For the week ending 17 April 2010 / 2 Iyyar 5770

Sanhedrin 65 - 71

by Rabbi Mendel Weinbach zt'l
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  • Sorcerers – their methods and their punishment
  • Rabbi Akiva's debate with Turnus Rufus regarding Shabbat
  • When is there a death penalty for Shabbat violation or cursing a parent
  • The special penalty for violation of a betrothed, twelve-year-old virgin
  • Who is considered a meisit to be executed by stoning
  • The false prophet who incites to idol worship and the inciters of an entire city
  • Black magic, demons and the Egyptian sorcerers
  • Rabbi Eliezer's encounter with his disciples
  • The age limitation on preemptive death for the rebellious son
  • Can a minor father a child
  • The ages of Biblical figures
  • What sort of gluttonous consumption creates the status of a rebellious son
  • The dangers of intoxication
  • Conditions required for condemning a rebellious son

The Unlearned Lesson

  • Sanhedrin 71a

A rebellious youngster who showed a strong tendency towards crime by repeatedly stealing money from his father in order to gluttonously consume meat and wine is put to death as a preemptive measure to ensure that he will not end up as a murderer.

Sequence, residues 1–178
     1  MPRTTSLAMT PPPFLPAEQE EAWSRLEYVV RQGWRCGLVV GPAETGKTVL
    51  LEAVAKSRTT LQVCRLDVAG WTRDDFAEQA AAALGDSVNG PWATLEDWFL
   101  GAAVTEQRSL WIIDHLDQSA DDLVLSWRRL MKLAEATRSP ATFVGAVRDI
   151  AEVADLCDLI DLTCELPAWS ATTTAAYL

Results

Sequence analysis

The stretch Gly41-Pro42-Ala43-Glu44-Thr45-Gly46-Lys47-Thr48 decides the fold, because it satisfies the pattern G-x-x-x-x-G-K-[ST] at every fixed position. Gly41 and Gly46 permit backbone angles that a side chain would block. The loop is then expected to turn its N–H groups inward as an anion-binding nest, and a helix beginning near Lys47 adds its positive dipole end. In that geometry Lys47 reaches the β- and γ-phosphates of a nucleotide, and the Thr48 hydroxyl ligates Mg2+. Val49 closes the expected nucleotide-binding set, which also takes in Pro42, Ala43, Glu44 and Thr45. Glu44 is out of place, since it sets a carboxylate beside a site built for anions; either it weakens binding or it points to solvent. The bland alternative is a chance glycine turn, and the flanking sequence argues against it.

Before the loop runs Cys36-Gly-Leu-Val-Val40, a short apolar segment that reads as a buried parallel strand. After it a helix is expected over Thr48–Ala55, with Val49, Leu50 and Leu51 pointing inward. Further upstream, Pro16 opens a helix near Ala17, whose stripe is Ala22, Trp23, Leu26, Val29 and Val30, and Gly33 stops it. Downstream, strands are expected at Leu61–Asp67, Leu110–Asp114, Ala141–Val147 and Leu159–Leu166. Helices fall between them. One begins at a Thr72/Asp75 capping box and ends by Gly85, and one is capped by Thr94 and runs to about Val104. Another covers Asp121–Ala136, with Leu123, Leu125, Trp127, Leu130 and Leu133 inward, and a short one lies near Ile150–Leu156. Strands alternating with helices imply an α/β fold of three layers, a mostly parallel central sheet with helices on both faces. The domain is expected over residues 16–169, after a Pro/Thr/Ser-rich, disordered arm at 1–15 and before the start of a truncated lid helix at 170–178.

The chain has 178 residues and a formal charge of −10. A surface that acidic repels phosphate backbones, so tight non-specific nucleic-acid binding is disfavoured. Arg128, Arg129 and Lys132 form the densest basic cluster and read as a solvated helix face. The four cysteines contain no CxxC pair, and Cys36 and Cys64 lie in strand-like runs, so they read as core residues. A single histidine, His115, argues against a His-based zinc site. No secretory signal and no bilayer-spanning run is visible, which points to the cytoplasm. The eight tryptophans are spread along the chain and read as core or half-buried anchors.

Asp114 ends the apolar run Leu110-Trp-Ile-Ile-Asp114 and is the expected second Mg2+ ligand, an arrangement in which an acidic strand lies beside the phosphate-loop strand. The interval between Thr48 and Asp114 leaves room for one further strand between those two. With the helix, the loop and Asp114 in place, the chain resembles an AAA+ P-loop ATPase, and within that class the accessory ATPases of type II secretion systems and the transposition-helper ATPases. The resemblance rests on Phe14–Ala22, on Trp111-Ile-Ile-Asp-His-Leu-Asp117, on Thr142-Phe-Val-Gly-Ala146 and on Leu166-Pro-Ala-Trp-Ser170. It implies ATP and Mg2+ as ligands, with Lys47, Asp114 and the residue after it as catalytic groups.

Rabbi Shimon's position is that the implementation of this Torah law never took place. This thirteen-year-old must be brought to the court by his father and mother for first disciplining him with lashes, and upon his subsequent regression bring him once again for execution. It is therefore unlikely that parents will initiate his execution for the crime of stealing from them to indulge himself. Then why did the Torah provide us with a purely theoretical chapter such as this?

The cryptic answer given is "in order to learn from this and be rewarded."

Maharsha explains that the boy's parents are not capable of appreciating a preemptive death for their son and will delude themselves that he will change his ways. The Torah therefore teaches them that he will inevitably degenerate into a murderer and is deserving of death. This will motivate the parents to discipline this errant child and they will be rewarded for properly training him.

"In our day," added Maharsha centuries ago, "parents pay no attention to this lesson and cover up for their child even when he deserves severe punishment, with the result that delinquent youngsters spend most of their days devoid of Torah."

What the Sages Say

"The tree from which Adam sinfully ate was a grapevine because nothing brings so much weeping to the world as does the consumption of wine."

  • Rabbi Meir - Sanhedrin 70a

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